The acute care nurse in Odessa, Texas, was contemplating the emotional arc of the coronavirus pandemic, which began with a sense of loneliness but turned into exasperation.
She said, “At first it was, ‘Thank you very much, you are on the front lines, and we appreciate what you are doing.’ And now, I mean, I’m getting threats.”
Mourning is often the receiving end of frustrated phone calls from family members of patients who are not permitted to visit the hospital or feel they are not doing enough.
Al-Haddad said, “I think it is sad.” “We’re trying to help, we’re trying to do the common good. I want people to know that.”
It was an astonishing call for civility as the spread of Covid-19 continues to deteriorate.
While scenes from New York City and other major cities dominated the novel coronavirus earlier this year, the pandemic has now infiltrated smaller Texas communities, sweeping hospitals in the most unexpected places – from sparsely populated oil fields in West Texas to the desert. – The El Paso region.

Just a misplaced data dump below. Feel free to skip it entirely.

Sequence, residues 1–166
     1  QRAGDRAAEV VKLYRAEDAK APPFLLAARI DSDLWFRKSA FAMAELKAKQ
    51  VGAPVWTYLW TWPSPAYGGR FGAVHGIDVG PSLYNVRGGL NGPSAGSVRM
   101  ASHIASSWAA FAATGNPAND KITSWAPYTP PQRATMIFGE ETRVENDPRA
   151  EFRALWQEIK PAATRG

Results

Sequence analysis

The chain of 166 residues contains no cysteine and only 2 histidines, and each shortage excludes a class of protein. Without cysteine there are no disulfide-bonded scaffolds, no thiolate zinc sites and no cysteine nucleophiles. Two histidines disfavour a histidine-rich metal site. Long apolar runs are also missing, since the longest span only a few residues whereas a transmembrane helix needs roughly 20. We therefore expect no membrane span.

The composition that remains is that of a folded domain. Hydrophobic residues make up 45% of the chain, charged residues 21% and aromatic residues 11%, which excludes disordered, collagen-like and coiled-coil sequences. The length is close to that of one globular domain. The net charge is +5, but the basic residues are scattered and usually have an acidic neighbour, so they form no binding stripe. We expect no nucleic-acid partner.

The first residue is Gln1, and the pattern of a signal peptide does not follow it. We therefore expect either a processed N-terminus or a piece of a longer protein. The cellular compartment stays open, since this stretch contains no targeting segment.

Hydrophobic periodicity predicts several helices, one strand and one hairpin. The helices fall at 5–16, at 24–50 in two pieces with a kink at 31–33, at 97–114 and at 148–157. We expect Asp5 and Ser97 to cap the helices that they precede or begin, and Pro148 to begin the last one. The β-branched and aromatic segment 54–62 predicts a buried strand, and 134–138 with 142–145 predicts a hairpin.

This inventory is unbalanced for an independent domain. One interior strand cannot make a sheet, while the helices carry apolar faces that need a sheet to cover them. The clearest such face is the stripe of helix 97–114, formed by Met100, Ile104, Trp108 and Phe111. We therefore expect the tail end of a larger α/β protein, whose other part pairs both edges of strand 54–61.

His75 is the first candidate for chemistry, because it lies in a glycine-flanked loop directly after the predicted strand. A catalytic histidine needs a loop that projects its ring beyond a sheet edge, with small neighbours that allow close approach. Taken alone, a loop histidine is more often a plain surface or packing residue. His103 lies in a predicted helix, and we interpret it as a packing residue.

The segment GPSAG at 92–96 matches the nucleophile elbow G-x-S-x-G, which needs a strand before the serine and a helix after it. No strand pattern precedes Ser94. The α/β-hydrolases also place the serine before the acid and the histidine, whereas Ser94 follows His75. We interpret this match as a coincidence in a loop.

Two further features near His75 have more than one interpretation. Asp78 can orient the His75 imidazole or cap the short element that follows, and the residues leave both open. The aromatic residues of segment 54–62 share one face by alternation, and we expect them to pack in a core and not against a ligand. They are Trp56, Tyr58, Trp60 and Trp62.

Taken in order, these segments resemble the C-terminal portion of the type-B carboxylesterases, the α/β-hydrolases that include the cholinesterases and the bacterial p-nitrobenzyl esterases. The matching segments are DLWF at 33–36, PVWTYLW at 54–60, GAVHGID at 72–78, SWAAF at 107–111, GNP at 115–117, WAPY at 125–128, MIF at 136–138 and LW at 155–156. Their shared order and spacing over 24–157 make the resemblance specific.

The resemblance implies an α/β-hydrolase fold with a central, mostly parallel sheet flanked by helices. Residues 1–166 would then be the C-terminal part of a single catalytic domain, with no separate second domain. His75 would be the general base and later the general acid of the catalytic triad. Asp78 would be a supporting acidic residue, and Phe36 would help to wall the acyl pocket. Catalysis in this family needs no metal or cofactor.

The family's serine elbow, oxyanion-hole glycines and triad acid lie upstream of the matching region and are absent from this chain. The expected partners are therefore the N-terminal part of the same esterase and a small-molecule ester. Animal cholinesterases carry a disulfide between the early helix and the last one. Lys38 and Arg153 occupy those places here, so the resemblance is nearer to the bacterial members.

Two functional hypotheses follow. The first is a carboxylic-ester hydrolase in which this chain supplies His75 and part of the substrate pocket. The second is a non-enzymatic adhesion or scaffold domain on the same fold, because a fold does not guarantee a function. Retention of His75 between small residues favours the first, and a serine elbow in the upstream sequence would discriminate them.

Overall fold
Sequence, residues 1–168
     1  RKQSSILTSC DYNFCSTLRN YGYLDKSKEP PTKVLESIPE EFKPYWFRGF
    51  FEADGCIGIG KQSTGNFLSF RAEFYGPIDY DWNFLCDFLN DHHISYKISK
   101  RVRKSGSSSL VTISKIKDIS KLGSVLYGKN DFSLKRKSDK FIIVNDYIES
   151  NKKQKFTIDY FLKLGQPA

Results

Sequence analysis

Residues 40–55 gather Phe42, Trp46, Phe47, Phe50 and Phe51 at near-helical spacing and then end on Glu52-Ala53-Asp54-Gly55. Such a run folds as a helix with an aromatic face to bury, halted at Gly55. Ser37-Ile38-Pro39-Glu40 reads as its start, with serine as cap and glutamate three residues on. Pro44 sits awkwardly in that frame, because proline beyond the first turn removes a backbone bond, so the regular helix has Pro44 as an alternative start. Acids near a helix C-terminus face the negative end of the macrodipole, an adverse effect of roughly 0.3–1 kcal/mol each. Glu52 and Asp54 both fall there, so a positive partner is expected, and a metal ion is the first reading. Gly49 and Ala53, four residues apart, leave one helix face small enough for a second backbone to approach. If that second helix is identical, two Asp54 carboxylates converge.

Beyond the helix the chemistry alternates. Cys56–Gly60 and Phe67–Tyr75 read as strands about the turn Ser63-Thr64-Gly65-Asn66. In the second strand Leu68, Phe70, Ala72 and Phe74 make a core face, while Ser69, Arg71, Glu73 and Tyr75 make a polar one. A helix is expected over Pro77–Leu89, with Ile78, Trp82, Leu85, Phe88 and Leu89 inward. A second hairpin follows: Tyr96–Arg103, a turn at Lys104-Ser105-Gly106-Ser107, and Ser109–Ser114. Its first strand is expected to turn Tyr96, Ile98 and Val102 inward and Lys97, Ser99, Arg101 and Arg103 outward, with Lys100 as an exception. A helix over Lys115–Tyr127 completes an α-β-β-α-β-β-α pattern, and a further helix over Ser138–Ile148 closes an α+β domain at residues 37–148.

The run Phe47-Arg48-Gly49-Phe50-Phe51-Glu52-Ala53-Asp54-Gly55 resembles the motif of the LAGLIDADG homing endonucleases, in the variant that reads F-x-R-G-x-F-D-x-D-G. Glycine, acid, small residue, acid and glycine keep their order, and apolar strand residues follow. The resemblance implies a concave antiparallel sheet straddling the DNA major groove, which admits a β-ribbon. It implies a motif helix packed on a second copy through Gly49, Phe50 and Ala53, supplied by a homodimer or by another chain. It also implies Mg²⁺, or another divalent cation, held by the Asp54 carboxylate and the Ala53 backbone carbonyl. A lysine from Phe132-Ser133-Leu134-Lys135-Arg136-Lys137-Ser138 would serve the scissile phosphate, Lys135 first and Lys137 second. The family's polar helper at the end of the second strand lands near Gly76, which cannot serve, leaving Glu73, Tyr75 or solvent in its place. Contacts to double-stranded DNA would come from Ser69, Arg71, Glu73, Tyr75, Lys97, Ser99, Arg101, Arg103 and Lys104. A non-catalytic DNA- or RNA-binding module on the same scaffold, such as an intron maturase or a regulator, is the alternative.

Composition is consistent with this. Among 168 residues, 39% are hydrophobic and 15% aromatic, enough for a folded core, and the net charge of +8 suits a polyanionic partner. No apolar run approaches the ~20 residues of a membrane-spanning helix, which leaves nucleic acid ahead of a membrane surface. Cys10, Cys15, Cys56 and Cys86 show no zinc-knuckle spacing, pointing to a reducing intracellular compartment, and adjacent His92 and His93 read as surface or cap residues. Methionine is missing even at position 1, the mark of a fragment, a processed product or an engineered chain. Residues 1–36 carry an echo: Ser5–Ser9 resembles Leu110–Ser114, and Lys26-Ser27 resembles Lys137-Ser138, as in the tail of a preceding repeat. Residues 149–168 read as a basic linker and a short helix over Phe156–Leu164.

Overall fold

“There were a few times in the summer that we were pushed to the limits,” said Morning, recalling the July-August troop surge. “But now in the past few weeks, we’ve been … getting rid of the seams.”
At the Odessa Regional Medical Center, where Mourning works, the neonatal intensive care unit has once turned into the Covid-19 intensive care unit for adults. The hospital this week is treating 28 patients with Covid-19 as of Thursday. But most importantly, the center has exceeded its maximum capacity in the ICU and in a separate medical augmentation area for Covid-19 patients as well. The hospital had to open a “surplus” unit earlier this week in a separate building just to keep up with it.
“The only space that is not full right now are the corridors,” said Dr. Rohith Saravanan, the hospital’s chief medical officer.